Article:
The U.S. Conference of Catholic Bishops is weighing in on one of the remaining items on Congress' to-do list. In a letter that quotes Pope John Paul II, the bishops urged Congress to extend unemployment benefits for the jobless.
"The U.S. Catholic bishops have long advocated that the most effective way to build a just economy is the availability of decent work at decent wages," wrote Bishop Stephen E. Blaire, Chairman, Committee on Domestic Justice and Human Development. "When the economy fails to generate sufficient jobs, there is a moral obligation to help protect the life and dignity of unemployed workers and their families."
Benefits for the long-term unemployed are set to expire at the end of the year. While Congress appears headed to renew the payments, there are differences between Republicans and Democrats on changes to the program.
Democrats generally have backed a renewal of the current system, which uses federal funds to provide up to 99 weeks of payments. House Republicans on Tuesday will vote on a bill that seeks to trim that to 50 weeks. The bishops did not weigh in on a specific proposal.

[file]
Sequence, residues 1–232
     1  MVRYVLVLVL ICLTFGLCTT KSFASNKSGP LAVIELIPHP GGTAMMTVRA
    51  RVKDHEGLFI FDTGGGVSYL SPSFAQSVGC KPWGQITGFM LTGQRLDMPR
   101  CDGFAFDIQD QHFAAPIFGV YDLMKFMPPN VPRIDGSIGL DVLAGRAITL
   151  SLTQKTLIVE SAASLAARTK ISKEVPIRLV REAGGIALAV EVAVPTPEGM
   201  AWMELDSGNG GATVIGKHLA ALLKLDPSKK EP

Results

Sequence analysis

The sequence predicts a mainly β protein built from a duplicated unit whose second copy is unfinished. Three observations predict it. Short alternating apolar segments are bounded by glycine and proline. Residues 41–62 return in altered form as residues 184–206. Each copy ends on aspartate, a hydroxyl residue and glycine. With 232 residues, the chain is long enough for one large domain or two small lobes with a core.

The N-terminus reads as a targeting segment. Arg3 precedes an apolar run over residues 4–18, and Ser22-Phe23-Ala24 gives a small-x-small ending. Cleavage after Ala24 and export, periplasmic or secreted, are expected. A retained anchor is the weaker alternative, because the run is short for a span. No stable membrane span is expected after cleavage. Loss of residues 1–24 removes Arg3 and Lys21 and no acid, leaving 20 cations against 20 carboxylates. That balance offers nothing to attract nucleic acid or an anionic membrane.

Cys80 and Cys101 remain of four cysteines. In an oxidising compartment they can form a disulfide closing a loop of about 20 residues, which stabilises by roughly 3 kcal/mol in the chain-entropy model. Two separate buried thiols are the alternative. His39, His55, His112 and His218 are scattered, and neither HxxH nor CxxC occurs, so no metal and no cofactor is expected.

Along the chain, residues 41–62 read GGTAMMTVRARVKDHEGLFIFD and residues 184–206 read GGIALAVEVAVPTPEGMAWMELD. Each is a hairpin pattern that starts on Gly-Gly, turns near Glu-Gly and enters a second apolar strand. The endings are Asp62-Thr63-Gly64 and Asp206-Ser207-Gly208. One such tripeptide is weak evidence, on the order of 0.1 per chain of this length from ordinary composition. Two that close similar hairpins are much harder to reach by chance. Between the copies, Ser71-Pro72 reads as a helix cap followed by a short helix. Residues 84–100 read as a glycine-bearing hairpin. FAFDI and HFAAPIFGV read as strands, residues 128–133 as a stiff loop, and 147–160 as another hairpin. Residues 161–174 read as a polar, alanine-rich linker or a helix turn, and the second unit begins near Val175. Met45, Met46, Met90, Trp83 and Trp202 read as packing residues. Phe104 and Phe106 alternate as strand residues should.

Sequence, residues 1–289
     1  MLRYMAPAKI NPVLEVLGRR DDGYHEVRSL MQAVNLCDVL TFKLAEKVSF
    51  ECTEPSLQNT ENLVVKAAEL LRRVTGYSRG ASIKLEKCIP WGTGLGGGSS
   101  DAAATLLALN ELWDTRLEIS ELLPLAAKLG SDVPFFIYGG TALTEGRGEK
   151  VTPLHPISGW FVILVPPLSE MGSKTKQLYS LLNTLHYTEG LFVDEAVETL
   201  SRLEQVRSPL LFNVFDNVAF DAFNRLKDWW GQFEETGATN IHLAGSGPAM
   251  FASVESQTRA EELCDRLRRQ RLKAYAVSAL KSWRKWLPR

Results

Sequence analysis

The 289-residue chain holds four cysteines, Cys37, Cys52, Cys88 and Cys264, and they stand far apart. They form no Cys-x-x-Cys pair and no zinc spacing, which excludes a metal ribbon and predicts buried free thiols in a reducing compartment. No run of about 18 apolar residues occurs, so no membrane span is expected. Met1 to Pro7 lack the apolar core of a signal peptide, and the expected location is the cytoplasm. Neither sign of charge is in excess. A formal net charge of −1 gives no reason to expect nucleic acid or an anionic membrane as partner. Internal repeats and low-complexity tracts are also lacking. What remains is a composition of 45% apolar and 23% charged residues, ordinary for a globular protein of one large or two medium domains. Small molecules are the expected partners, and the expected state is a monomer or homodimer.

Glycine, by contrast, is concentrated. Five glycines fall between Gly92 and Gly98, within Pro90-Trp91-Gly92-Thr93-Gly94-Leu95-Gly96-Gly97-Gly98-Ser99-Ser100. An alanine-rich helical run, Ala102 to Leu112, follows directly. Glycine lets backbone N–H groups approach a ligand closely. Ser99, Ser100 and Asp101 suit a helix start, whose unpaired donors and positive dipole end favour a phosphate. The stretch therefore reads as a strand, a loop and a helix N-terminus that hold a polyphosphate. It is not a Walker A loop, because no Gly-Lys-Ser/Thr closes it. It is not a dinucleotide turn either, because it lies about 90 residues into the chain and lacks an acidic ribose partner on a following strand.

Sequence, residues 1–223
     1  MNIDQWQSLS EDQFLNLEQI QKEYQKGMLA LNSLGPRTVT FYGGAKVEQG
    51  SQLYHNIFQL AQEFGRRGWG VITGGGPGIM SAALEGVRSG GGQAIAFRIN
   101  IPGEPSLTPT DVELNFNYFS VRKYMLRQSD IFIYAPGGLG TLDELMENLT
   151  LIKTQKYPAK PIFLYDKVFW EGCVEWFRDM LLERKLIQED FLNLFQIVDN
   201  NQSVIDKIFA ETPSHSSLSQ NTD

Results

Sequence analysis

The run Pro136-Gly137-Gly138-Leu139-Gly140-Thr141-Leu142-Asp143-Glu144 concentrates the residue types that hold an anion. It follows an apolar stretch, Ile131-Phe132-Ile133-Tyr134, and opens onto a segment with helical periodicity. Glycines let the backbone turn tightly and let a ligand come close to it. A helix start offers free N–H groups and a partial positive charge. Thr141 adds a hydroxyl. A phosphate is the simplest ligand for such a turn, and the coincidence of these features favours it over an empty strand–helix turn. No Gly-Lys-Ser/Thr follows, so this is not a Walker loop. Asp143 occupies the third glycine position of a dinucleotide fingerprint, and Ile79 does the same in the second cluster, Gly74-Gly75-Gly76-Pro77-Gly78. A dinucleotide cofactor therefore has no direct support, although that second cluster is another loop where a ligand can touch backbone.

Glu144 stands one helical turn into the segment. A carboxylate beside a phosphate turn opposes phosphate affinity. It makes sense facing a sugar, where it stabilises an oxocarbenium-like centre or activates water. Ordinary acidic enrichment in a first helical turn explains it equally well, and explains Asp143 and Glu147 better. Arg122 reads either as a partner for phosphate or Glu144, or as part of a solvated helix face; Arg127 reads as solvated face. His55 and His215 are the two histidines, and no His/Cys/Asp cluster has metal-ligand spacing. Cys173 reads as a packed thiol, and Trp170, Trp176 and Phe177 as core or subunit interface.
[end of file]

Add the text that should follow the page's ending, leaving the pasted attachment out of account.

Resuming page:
The letter quotes Pope John Paul II's encyclical letter, Laborem Exercens No. 18, written in 1981.
"The obligation to provide unemployment benefits, that is to say, the duty to make suitable grants indispensable for the subsistence of unemployed workers and their families, is a duty springing from the fundamental principle of . . . the right to life and subsistence," it read.